- The Washington Times - Wednesday, November 15, 2006

There’s nothing like the day a new manager is hired. It’s the first day of spring training and then some. Everyone is looking forward not just to the season but to a new era. The new manager hasn’t lost a game yet, hasn’t kept a pitcher in too long, hasn’t failed to pinch hit in a key situation.

It is one of the best days in baseball. And for Washington, yesterday also was a historic one with the first hiring of a manager here since Ted Williams in 1969.

Manny Acta was no Ted Williams as a player, but the Dominican native turned in a Hall of Fame performance yesterday when he was introduced as the manager of the Washington Nationals.

“How appropriate that an immigrant gets to manage the capital of the United States’ baseball team,” Acta said. “God bless America.”

It was a very emotional day for Acta, a dream come true, but someone dear to him was not able to share it. His older brother, Fernando, had died from an aneurysm in the middle of the 2006 season.

“He was my protector, my second father,” Acta said. “He always wanted to see this moment. He would tell me to be patient, that everything would be fine.”

Fernando would have been proud of his younger brother yesterday.

Acta made every right move yesterday at the press conference in the lower lobby of 1050 Connecticut Ave., the headquarters for Lerner Enterprises, where one of the team owners, Mark Lerner, embraced the moment of hiring his first manager.

“This ranks second,” he said, beaming, referring to another special moment when he gave a fan a team-autographed ball on the weekend the Lerner ownership group took over in July.

He was marveling in the performance of his new manager, who blew everyone away, as they like to say in the business, upon meeting the media.

“When Mr. Bowden said I was hired, I borrowed the famous line from Lou Gehrig and said, ‘I consider myself the luckiest man on the face of the earth,’ ‘ Acta said. It was probably almost as heartfelt.

After all, this was a .238 career hitter, a lifetime minor league infielder who figured out after six seasons in the minors he was not destined for the majors. Now he will be managing a club that has the potential to be one of the premier major league franchises.

Mr. Bowden — Nationals general manager Jim Bowden — said he targeted Acta as a candidate more than a year ago after a conversation with Arizona team president Jeff Moorad. Acta finished second to Bob Melvin in the Diamondbacks’ managerial search, and Moorad told Bowden he impressed them with his presence.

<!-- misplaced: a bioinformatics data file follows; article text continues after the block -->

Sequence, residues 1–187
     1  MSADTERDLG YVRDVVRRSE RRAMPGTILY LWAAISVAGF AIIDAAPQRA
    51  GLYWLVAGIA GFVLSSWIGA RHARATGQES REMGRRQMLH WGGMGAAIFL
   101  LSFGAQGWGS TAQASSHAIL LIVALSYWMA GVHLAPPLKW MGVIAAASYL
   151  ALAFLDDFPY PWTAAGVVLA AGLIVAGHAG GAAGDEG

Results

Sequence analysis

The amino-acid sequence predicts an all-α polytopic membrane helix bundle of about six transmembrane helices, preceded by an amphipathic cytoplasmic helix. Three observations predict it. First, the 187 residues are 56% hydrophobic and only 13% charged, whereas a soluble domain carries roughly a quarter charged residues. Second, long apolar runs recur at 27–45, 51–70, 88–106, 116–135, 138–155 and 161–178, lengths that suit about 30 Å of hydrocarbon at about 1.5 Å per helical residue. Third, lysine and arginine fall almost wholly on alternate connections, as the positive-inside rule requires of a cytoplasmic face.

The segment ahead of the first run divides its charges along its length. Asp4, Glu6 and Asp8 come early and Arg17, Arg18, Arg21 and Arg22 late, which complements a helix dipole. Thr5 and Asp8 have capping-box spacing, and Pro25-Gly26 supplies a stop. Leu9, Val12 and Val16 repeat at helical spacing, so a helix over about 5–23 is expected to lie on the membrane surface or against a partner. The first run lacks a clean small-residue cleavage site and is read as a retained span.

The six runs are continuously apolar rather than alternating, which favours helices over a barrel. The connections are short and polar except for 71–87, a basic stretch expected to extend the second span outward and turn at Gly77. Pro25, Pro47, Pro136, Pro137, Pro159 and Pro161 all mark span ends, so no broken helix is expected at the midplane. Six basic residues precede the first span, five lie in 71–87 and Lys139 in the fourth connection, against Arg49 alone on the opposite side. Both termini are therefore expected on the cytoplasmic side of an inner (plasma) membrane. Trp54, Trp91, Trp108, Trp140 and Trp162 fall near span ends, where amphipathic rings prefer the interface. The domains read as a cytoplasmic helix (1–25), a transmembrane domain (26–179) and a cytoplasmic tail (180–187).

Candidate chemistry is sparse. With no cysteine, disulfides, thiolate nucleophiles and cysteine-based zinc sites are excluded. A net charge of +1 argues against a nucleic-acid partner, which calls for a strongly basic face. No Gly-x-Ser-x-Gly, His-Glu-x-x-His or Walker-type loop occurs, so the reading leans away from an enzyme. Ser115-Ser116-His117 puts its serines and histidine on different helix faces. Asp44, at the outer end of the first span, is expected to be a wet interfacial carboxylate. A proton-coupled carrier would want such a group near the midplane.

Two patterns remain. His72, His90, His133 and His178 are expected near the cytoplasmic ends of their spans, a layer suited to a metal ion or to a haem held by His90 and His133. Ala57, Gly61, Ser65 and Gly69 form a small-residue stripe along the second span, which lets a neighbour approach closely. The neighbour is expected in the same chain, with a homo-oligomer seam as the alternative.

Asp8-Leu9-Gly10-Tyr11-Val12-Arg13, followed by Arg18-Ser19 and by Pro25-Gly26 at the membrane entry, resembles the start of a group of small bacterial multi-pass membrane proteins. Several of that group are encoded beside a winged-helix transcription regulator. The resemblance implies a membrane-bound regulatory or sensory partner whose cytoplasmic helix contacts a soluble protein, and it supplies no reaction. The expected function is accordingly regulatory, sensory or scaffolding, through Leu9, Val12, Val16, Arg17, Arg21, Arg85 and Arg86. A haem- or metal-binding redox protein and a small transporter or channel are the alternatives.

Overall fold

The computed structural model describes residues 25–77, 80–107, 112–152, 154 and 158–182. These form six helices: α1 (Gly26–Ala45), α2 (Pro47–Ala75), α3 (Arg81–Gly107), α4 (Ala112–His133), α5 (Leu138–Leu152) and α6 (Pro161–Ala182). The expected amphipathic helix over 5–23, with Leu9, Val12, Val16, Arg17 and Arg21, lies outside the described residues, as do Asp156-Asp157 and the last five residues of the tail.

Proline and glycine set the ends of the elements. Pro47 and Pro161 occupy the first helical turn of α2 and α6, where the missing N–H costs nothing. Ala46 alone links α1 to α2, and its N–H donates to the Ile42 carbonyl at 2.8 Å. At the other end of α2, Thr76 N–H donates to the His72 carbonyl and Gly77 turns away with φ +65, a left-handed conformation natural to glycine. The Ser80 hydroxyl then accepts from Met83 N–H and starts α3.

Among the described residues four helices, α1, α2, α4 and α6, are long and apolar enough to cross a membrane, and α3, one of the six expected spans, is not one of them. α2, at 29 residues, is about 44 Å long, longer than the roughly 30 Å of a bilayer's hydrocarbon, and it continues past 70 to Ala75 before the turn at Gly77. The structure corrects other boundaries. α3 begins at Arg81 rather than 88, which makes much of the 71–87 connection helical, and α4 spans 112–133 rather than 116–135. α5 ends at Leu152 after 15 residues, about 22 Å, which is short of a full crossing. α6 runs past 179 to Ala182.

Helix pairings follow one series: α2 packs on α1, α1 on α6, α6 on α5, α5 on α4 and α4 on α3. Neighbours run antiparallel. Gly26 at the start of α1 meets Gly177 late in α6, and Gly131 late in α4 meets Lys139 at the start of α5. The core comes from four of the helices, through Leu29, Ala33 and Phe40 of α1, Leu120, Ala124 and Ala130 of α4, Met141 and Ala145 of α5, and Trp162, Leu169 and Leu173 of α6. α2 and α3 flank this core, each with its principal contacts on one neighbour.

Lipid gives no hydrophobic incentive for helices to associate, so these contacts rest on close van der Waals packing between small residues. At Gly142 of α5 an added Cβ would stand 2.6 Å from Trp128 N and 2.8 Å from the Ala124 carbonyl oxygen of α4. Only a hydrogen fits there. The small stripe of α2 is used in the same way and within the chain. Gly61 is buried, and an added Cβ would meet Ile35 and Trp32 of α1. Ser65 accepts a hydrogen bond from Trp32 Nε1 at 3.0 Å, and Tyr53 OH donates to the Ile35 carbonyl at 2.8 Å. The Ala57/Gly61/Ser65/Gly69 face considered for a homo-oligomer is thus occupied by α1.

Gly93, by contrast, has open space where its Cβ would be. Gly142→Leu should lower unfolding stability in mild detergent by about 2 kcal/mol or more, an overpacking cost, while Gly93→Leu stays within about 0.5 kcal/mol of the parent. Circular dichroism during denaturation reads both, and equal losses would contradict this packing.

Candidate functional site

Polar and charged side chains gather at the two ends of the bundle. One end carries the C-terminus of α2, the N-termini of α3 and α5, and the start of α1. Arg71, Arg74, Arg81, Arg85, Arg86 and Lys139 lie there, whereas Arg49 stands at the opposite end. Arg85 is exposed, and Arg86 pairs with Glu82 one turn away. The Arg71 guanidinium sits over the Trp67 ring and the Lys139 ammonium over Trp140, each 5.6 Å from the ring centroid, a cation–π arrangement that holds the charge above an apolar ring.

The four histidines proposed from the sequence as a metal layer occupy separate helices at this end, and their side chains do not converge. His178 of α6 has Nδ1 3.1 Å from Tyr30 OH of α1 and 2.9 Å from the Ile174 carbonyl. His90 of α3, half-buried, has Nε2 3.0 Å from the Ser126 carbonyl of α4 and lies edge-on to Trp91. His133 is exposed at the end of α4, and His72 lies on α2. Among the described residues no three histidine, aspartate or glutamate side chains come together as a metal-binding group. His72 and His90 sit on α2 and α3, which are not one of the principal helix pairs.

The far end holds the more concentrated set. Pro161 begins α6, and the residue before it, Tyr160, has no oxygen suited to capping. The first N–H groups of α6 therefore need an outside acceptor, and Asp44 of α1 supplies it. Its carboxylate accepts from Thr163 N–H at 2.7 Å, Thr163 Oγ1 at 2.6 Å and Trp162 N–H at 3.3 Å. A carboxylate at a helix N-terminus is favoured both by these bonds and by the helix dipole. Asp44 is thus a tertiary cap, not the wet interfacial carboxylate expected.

“Manny’s name kept coming up,” Bowden said. “He seemed to be everything we were looking for.”

What were they looking for? Someone with energy, intelligence, enthusiasm, who was eager to buy into the Nationals’ long-term player development plan — and, of course, who didn’t cost a lot of money. Acta, who coached in this organization in Montreal from 2002 to 2004 and then for the New York Mets the last two seasons, fit the profile.

“They have a plan for success here that, if you do it right, could make this a winning franchise for a long time,” he said.

Acta, who got a two-year deal, acted as if he were groomed for success, the way he handled the media yesterday — no small part of being a major league manager. Someone asked him how he might feel about having to discipline players, and Acta answered, “I go to bed with Cindy [his wife] every night. I am not thinking about them.”

He turned to his wife early in the press conference and said, “From Auburn, New York, to Washington, D.C., we’ve come a long way,” Acta said.

Sometime this summer, when he goes out to the mound at RFK Stadium to take out a starting pitcher in the third inning and looks to the bullpen for help, he may think he is still in Auburn.

It’s unclear how good a major league manager Manny Acta will be. He is universally respected in the game, and it is a testament to that respect that Alfonso Soriano — a player he benched while managing the Dominican team in the World Baseball Classic — was the first player to call and congratulate him on getting the job. He managed two years in the Dominican Winter League and led Licey to the Caribbean Series title in 2004. He has eight years of minor league managing experience with some success. But how he can handle a bullpen or a young pitching staff in the dog days of a 162-game major league season is still one of the unanswered questions.

Yesterday, though, Acta answered every question with a championship style. When he put on his No. 14 Nationals jersey, he looked at Mike Wallace, the Nationals’ equipment manager, and said, “Perfect fit, Wally.”

It may be.

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